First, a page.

According to a New York Times article published Monday, a federal judge blocked an attempt by the Food and Drug Administration to force tobacco companies to use graphic warning labels on their packaging. And while cigarettes are bad, weâ€™re glad this first-amendment issue ended the way it did.
Looking around campus, smokers are everywhere. And if our little corner of the world is representative of a larger whole, it means there are only more out there. Call us crazy, but when we see someone inhaling hazardous chemicals into their lungs, theyâ€™re not usually being forced to do so.
People smoke out of habit, knowing full well the possible consequences to their health. Health effects are written right there on cigarette packages in black and white, and that should be enough.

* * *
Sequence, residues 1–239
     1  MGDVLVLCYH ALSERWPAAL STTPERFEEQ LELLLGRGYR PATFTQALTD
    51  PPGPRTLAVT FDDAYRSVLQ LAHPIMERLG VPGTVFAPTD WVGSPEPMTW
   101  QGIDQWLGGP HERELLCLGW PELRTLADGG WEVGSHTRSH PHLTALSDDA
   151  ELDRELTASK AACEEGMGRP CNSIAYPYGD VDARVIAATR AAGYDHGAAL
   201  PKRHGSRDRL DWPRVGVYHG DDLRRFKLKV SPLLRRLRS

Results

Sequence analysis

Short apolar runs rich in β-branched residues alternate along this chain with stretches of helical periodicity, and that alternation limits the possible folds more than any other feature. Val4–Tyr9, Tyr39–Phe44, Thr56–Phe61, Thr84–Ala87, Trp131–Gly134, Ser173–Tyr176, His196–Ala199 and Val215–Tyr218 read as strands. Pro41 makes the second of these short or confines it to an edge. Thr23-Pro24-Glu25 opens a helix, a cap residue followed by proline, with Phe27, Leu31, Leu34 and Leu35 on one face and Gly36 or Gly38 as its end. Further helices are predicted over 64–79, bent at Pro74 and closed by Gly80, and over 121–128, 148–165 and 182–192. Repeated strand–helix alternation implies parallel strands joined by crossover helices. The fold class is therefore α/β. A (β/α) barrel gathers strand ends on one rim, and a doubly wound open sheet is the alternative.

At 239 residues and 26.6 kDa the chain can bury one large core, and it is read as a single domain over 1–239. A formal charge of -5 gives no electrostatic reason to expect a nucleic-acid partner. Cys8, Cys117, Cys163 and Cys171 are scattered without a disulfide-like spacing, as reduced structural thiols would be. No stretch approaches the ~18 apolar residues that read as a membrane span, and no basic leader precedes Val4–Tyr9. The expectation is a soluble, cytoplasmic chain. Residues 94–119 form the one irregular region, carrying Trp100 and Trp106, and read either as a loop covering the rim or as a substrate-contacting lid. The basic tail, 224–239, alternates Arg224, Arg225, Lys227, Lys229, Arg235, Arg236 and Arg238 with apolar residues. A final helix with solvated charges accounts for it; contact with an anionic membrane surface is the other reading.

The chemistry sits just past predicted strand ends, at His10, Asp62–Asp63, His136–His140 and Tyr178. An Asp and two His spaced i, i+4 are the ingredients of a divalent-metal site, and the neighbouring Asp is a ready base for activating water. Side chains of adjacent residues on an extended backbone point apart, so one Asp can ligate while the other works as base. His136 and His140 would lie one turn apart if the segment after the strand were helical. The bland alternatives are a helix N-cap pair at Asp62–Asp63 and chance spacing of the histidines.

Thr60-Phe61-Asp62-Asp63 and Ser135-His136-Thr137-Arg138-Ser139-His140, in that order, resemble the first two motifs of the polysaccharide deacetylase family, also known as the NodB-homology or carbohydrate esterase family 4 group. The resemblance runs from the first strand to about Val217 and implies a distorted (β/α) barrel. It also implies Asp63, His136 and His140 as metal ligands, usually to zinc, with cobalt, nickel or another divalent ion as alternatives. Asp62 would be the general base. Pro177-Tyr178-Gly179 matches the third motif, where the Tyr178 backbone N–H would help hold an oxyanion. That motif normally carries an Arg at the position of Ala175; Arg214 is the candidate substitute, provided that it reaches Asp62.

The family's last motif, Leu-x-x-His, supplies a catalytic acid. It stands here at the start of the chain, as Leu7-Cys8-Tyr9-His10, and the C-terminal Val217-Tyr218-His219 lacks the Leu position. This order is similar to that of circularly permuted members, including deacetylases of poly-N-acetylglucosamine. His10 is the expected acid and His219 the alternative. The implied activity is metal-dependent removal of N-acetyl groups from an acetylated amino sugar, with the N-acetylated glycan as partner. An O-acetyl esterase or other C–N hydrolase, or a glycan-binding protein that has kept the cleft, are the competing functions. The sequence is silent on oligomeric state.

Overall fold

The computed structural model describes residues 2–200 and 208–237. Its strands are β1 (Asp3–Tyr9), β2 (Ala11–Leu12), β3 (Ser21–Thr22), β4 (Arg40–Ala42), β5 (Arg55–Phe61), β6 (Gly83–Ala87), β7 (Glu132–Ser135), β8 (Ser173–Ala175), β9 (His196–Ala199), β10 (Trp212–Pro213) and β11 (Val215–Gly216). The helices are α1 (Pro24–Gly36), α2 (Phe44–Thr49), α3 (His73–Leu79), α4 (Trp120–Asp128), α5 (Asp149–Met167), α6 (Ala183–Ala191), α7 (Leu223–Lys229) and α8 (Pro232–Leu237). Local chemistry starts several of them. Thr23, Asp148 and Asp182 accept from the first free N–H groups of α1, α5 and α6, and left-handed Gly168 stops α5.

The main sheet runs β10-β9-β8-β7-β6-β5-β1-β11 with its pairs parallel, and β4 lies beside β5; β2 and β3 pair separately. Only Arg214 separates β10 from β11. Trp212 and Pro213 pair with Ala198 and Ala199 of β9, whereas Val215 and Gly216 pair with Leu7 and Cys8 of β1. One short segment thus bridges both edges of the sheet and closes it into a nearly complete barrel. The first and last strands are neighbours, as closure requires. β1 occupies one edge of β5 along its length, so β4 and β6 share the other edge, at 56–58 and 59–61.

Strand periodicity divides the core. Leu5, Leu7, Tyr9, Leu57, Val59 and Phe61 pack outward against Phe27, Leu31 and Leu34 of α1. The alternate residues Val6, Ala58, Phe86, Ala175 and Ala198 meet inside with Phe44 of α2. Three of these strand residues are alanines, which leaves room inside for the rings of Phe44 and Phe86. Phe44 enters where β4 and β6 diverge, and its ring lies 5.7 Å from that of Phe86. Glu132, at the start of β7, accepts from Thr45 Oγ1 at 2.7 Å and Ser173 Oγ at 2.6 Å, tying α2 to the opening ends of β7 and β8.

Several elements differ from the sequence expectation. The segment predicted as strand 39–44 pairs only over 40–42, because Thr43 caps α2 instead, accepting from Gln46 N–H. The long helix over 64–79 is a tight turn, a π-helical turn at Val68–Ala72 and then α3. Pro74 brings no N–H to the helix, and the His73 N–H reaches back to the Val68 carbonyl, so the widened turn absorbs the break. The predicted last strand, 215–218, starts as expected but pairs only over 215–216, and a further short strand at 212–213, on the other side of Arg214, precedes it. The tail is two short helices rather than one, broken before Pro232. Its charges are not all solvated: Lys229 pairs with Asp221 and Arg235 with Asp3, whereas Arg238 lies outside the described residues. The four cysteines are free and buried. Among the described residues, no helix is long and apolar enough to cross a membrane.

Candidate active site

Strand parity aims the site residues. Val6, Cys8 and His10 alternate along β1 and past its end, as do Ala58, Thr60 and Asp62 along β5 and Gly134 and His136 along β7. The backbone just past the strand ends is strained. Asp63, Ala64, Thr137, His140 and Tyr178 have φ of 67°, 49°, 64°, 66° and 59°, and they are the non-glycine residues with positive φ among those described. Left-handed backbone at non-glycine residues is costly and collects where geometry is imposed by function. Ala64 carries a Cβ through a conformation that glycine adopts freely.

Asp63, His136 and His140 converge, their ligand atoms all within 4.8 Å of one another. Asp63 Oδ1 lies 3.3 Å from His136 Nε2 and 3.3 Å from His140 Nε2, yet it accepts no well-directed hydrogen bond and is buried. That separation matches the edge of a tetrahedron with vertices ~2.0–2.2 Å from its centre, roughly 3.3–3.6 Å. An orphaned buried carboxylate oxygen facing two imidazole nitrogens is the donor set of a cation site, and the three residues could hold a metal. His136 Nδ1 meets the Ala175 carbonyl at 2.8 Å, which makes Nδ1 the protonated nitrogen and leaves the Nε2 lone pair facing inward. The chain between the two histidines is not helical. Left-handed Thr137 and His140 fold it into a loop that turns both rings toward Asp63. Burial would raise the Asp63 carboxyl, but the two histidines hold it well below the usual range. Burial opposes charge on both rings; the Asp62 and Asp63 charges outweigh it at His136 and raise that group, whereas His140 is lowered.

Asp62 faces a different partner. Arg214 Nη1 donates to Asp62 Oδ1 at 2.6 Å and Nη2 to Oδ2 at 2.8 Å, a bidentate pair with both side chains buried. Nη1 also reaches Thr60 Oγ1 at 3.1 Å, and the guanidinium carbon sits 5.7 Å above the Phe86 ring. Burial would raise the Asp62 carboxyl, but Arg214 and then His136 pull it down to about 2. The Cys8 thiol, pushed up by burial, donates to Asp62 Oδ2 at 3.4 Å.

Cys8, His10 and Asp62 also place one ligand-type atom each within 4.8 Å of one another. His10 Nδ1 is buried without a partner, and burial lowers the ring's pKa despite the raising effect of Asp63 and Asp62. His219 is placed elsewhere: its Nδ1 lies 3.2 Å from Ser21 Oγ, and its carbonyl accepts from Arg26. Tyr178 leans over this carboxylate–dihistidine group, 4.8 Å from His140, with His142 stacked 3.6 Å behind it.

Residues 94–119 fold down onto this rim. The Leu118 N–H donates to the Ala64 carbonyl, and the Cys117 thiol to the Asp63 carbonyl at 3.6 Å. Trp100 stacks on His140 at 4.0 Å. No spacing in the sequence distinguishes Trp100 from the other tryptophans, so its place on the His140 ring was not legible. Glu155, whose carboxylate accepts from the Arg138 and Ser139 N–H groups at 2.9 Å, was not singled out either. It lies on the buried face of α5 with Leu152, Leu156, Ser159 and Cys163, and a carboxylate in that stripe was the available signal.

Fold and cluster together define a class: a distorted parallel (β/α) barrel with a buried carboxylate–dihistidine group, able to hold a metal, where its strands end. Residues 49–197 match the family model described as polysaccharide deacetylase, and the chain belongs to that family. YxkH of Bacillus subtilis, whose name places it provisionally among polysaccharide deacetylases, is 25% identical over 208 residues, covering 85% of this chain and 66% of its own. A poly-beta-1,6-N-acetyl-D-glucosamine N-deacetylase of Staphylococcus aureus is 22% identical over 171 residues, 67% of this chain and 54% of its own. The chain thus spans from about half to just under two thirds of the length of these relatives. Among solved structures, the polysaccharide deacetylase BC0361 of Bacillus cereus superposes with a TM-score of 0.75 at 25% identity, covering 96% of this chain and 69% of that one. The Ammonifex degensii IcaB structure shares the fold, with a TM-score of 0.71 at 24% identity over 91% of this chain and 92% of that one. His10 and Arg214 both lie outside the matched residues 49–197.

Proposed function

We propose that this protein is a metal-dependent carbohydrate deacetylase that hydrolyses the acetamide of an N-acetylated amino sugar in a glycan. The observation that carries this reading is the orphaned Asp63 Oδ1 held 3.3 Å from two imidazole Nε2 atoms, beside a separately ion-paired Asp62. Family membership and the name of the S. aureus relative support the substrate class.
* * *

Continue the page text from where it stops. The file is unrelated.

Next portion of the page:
The FDAâ€™s attempts to put staged photos of a corpse or a man breathing smoke out of a tracheotomy hole are just that â€“â€“ staged, and therefore trying to influence public opinion. Frankly, thatâ€™s not the FDAâ€™s job. As a government institution, they shouldnâ€™t be stepping into an advocacy role, but instead should provide facts and figures.
Thatâ€™s why we think Richard Leon, the judge who blocked the FDAâ€™s attempts, did the right thing. Not only would the images be an encroachment on commercial free speech, but the new packaging would have been used to encourage smokers to quit from photographs that werenâ€™t even technically real.
Weâ€™re big boys and girls, FDA. If someone wants to smoke a cigarette after a long day, thatâ€™s completely their prerogative. Itâ€™s between them and the surgeon general.